The Christians of Rome were very much a minority. However, they were very vocal one. One of the major attractions of Christianity was the fact that the believers were promised a place in heaven when they died. Under the majority of the other religions of Rome the only people who were entitled to eternal life with those who were rich and/or powerful enough to be able to be initiated into one of the mystery religions such as that of Demeter. There are of course very many more poor people than rich and powerful ones, and so the message that 'a camel would more easily pass through the eye of a needle than a rich man could enter the kingdom of heaven' was an extremely persuasive message to offer people to whom religion was a very important and ever present part of their lives. The majority of people fear death above everything else; a religious belief that death is only the beginning of existence, and not the end, persuaded a large number of those who felt that their lives were otherwise meaningless that Christianity was a route to eternal life that would be denied to those in authority above them.
The Romans were very tolerant of most religions, of which there were many during the early days of the Empire. The Christians unfortunately were not so tolerant. They were taught that there was one God and one God only, and all others were abominations. Whilst this was enough to set them aside from the majority of Roman people, they also had a belief which set them apart from the ruling classes, too; they refuse to accept that any emperor of Rome could be a deity. Since temples were being erected for the worship of emperors, both living and dead, the Christians consider these to be idolatrous and they refused point-blank to worship them. This threatened the cohesion of the state and it was not long before toleration of Christianity turned to persecution.
We have all heard of the way in which Christians were persecuted in Rome, partly in the arena where they were put to death in various glory ways! The majority of them however went to their deaths bravely and calmly. This is because they were convinced that once they died, they would enter the kingdom of heaven and have life eternal. This was quite unsettling for the ruling classes since they looked upon Christianity as a dangerous sect which needed to be eradicated; by showing such bravery in the face of their execution there was a danger that the beliefs of the Christians would be taken up by the mass of the people of Rome. This danger was real; and an acceptance of the teachings of Christ was beginning to permeate even into the upper extra loans of Roman society.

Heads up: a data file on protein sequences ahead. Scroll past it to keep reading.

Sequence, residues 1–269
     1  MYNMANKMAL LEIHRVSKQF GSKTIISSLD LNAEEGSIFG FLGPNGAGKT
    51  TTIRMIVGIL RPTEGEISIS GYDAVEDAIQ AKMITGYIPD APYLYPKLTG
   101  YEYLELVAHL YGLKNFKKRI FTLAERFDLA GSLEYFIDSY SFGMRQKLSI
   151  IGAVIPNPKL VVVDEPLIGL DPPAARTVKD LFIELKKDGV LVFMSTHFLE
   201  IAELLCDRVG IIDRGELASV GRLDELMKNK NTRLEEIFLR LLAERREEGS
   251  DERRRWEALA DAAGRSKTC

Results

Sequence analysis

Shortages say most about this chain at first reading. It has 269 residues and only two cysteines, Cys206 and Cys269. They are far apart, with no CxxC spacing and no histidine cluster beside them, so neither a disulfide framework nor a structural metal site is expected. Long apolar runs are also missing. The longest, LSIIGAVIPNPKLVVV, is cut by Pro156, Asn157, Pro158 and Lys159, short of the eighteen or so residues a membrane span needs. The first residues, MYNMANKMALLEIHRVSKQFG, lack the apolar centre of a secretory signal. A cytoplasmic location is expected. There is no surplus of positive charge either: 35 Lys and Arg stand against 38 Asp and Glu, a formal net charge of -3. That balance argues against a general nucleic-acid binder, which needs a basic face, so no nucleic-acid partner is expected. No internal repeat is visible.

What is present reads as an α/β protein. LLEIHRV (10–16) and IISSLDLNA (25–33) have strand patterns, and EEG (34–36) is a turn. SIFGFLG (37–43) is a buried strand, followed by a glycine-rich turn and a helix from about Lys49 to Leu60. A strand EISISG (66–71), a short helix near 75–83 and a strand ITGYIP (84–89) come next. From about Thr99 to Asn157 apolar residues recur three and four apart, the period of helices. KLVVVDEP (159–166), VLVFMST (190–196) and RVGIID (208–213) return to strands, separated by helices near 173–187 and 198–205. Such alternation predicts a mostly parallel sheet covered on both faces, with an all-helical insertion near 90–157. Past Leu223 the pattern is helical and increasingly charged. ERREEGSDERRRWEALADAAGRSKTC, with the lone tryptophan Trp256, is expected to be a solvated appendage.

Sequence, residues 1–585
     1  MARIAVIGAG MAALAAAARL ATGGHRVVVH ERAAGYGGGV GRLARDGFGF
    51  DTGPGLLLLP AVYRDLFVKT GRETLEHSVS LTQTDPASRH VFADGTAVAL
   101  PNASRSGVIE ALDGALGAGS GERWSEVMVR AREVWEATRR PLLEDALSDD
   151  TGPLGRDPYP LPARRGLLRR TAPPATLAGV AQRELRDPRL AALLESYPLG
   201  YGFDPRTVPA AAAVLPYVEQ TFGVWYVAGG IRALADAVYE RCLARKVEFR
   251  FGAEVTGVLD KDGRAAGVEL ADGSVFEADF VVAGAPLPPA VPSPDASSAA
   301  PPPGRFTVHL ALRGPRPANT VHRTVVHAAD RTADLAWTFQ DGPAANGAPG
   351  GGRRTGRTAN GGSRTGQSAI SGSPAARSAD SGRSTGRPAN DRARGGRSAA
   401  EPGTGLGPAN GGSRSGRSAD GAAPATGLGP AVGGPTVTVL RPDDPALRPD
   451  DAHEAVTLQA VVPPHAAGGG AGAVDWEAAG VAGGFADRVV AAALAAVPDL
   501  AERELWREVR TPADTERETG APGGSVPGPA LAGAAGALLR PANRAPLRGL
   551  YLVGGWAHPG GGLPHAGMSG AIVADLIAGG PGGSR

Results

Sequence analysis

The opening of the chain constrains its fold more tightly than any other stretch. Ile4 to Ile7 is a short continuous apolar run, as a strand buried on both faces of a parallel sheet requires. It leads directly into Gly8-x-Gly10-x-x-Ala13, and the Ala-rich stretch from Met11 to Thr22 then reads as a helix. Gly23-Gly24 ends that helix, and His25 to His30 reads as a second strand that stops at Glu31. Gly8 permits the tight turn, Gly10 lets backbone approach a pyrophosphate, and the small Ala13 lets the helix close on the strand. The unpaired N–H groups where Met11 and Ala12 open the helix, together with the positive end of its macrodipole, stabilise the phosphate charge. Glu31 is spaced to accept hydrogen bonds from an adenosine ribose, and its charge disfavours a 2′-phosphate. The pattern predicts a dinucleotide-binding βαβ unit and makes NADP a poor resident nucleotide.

There are some who believe that the Emperor Nero had a bad press. He was an artist and musician at a time when Romans felt that the only ones who deserved their respect were men of valour and action. It would take a very brave man of course to openly criticise a Roman emperor whilst he was alive; but once he was dead it was open season! The great Fire of Rome gave an excuse to a number of writers to pour their literary bile on Nero. It was alleged by a number of such scribes, who wrote about these events long after they had happened, that Nero actually colluded in starting the fire so that he could clear the way large areas of mainly slum buildings in order to have space to direct his own palaces.The fact is that when the great Fire of Rome broke out, Nero hurried back to Rome in order to help keep the conflagration under control, and he in fact spent a great deal of his own money on firefighters. It is important to realise that there was no effective state system existing at the time to eradicate large-scale fires of this kind, and organising a defence against it at such short notice was extremely difficult. It is indeed possible that whilst the great Fire was raging, Nero did take some solace in his fiddle, but to suggest that he was completely nonchalant about what was occurring is a historical inaccuracy.
The followers of Christ were indeed blamed by Nero for causing the great Fire. Persecution, which had been at a fairly low level up until then, reached new heights and it is even alleged that hundreds of Christians were burned alive. However, are we so sure that they were innocent?
They believe that there was one God and one God only. As a direct consequence of this, they viewed temples to all the other deities as being an abomination. Disapproving of the temple is one thing; the problem is that some of them took their disapproval a stage further and actually began to burn temples to the ground. Historically, of course, it is often very difficult to find out the truth about what has happened in the world only a short while ago, even in these days of instant communication and the widespread use of mobile telephones. How much more difficult is it to be sure about what happened around 2000 years ago. However there are numerous allegations in the ancient writings that the fire was caused by Christians; whilst we cannot prove this it is entirely possible that their incendiary activities could have kicked off the general conflagration which occurred.
After the fire, of course, Nero had vast areas of burnt out land cleared, and redeveloped to his own taste. Perhaps this is the main reason why so many people are prepared to believe that he, and not the Christians, were responsible for the conflagration.
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